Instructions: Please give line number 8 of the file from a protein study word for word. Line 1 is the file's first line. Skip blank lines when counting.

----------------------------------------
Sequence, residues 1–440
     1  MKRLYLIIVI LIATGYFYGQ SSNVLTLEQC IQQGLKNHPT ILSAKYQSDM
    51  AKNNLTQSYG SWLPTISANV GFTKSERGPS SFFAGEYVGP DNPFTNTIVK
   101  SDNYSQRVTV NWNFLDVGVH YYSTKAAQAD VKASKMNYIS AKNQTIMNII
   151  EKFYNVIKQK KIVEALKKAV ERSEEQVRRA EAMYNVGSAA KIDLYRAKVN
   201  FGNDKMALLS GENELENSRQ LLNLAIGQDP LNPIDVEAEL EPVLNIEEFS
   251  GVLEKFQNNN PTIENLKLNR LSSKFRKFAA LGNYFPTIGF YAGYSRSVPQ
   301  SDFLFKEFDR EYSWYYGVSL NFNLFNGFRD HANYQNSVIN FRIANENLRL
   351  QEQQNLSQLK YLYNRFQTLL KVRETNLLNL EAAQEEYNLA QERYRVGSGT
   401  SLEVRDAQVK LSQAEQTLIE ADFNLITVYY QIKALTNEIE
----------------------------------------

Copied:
   301  SDFLFKEFDR EYSWYYGVSL NFNLFNGFRD HANYQNSVIN FRIANENLRL